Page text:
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No awards ceremony is complete without a good travesty, and on Tuesday night at Alexandra Palace, the ICC dished up a beauty
September 9, 2004
No awards ceremony is complete without a good travesty, and on Tuesday night at Alexandra Palace, the ICC dished up a beauty. No, I'm not referring to Muttiah Muralitharan's exclusion from the World Test XI. Even though the message that sends out to poor Murali is a distinctly unpleasant one, we can at least rest assured that it won't have been a decision taken lightly.
On the other hand, the random anointment of Stephen Fleming's New Zealand team with the "Spirit of Cricket" award was a classic pin-the-tail-on-the-donkey moment - and in a misguided instant, the ICC pricked the poor ass right between the eyes. The proper application of such an award could have created a potent reminder of everything that is good about the game. Instead, and at the inaugural attempt, it has been conferred with all the moral authority of a Blue Peter badge.
I'm not about to come over all metaphysical, so let's just say the spirit of cricket is a pretty nebulous concept, and therefore damned hard to pin down. In the late 1990s, MCC did an honest job of setting out the parameters, and lo and behold, clause 1 of their preamble states: "The captains are responsible at all times for ensuring that play is conducted within the Spirit of the Game."
The ICC, however, seems determined to wing that pamphlet in the same direction as the MCC's coaching manual, and has taken up a bewilderingly contradictory stance. Fleming may be a fine and upstanding captain, but his one outstanding contribution to the cause of fair play came earlier this year against South Africa, when he destroyed Graeme Smith's hard-man image with the sort of ruthlessly premeditated sledging that Ian Chappell could not have bettered.
Afterwards, Fleming was so candid about his tactics that repentance didn't even enter the equation. "We saw an emotion that we could tap into," was his succinct confession at the time, although on Tuesday he did at least have the good grace to look distinctly embarrassed while accepting the accolade. The rest of his team ought to have been shuffling in their seats as well, for "respect for the game's traditional values" is another of MCC's suggestions for self-policing. This presumably includes being fair to one's fans, and not charging autograph-hunters money for the privilege of an illegible scribble, as was the case on their tour of England earlier this summer.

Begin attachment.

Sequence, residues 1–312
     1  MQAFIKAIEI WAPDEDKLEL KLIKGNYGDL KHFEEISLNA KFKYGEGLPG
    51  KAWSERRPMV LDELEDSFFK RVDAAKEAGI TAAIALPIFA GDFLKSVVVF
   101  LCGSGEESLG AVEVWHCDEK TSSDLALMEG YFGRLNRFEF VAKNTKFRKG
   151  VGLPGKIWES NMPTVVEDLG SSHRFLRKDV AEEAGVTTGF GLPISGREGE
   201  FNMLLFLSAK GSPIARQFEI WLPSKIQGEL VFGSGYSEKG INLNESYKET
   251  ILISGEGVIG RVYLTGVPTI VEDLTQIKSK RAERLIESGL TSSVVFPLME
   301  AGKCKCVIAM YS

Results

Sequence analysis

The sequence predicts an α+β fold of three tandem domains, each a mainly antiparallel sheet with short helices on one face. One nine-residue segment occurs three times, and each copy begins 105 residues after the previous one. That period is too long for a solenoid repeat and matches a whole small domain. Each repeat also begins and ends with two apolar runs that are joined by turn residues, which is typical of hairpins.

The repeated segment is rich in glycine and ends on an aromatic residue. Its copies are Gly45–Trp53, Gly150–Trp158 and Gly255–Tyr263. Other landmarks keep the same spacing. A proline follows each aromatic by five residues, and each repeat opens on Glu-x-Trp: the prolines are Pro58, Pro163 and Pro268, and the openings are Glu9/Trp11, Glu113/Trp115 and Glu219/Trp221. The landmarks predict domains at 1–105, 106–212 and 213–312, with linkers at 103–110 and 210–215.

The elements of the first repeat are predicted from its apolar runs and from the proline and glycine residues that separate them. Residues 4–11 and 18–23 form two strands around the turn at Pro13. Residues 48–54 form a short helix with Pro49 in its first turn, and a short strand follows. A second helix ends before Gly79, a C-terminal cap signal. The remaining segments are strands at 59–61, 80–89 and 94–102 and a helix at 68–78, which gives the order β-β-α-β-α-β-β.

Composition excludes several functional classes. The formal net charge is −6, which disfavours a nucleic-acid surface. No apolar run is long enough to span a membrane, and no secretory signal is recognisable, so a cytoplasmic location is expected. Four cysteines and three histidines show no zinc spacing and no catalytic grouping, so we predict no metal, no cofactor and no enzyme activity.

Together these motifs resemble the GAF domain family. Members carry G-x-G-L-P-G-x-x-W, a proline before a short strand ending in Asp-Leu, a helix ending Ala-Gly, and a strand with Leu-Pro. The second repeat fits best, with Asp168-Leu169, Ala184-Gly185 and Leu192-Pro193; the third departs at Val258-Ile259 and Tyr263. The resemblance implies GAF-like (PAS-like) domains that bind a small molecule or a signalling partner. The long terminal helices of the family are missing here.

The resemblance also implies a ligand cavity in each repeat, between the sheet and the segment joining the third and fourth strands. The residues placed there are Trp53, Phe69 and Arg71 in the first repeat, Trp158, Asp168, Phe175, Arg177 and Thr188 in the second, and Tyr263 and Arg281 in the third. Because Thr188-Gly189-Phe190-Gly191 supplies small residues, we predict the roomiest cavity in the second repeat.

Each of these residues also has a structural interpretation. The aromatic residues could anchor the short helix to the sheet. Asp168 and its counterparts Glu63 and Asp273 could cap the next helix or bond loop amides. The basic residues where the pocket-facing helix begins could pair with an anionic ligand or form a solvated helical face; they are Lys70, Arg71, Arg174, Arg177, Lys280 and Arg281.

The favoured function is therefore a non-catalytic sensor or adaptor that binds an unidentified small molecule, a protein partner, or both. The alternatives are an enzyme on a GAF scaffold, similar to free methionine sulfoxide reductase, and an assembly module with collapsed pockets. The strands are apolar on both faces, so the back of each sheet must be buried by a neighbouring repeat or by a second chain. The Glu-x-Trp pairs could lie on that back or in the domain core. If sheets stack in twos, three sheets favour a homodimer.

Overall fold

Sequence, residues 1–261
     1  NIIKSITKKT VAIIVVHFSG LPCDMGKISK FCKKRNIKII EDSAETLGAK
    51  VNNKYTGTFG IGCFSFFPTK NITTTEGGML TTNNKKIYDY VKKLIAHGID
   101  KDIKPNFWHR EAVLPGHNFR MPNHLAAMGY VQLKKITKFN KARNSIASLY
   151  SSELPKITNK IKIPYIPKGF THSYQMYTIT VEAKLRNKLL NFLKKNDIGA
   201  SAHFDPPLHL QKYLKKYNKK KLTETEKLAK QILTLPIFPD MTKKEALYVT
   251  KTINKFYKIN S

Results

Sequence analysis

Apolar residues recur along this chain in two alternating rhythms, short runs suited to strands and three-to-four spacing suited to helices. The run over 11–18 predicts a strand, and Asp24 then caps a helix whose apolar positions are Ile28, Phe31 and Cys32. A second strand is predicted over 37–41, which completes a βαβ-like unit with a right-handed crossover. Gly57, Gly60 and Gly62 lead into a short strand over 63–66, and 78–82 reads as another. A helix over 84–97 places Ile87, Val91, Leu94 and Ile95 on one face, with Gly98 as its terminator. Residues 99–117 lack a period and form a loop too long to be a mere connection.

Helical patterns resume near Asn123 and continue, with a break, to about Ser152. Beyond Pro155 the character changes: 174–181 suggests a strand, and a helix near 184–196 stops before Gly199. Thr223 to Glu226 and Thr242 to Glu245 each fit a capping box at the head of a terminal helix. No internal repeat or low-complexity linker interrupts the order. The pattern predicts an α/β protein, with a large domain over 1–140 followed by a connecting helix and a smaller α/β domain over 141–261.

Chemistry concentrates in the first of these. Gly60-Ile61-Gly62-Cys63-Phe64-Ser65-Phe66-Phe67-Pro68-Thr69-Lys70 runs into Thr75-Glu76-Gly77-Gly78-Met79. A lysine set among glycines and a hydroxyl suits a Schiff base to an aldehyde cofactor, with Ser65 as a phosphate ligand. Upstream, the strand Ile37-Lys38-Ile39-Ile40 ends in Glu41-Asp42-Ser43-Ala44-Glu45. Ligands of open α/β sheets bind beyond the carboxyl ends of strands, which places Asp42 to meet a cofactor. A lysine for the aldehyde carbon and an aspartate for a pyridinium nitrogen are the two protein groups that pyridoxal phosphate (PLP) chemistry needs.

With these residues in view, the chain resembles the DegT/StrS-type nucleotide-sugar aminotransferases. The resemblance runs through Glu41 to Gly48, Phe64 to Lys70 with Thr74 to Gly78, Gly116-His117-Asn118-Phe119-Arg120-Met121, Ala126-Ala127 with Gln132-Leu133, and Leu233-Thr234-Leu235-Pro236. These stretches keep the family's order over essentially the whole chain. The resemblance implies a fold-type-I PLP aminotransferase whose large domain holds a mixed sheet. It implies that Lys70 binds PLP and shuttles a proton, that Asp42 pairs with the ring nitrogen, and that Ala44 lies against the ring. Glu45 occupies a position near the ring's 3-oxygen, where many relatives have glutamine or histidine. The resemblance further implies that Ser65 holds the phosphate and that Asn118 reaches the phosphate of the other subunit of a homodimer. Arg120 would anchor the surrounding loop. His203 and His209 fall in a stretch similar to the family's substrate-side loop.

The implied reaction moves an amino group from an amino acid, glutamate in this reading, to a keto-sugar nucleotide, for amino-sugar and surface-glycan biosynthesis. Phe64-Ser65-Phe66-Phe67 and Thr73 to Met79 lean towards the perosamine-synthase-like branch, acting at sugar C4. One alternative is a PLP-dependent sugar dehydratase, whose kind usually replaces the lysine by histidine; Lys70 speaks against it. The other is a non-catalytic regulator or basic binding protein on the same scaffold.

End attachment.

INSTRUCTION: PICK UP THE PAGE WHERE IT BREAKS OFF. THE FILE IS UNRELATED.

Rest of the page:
But this is not intended as an anti-Kiwi tirade - personally, I thought Fleming's tactics were remarkably astute, and he could never have expected them to come home to roost in this way - courtesy of a meaningless bauble with ideas below its station. The blame lies entirely with the organisers who chose to limit themselves to a choice of ten teams, all of whom have it in them to be equally awful in any given year. Trying to encapsulate the spirit of cricket in such unwieldy vessels is like trying to eat soup with a fork.
That's not to say it's impossible, however, which makes part two of the travesty all the more astonishing. For in this very year, one team has met all the relevant criteria and still emerged smiling and victorious at the other end. Let's face it, Michael Vaughan's England side have become the best ambassadors in the game today. Their camaraderie is tangible, their good humour is infectious, and their cricket has been exhilarating. Given the limited scope of the award, it beggars belief that their efforts went unnoticed.
The ICC would have avoided such a lame duck if it had cast its net wider, and followed the example of the Cricket Writers' Club, whose annual Peter Smith award - for services to the presentation of cricket to the public - has a roving brief to trawl through the world of cricket, and settle upon the worthiest recipients it can find. In 1996, Sri Lanka's World-Cup winners were honoured en masse; while in 2003, a joint award was made to Henry Olonga and Andy Flower for their protest against what they termed the "death of democracy" in Zimbabwe.
Now that was spirit. But then I suppose there's the rub - it was the type of spirit that is as welcome at an ICC awards bash as a can of Coke and a Zanussi dishwasher. Even so, as the ICC demonstrated with their Murali snub, there's no such thing as a controversial ruling, so long as you reserve the right to turn a blind eye to the bits that don't fit.
Andrew Miller is assistant editor of Wisden Cricinfo. His English View will appear here every Thursday.
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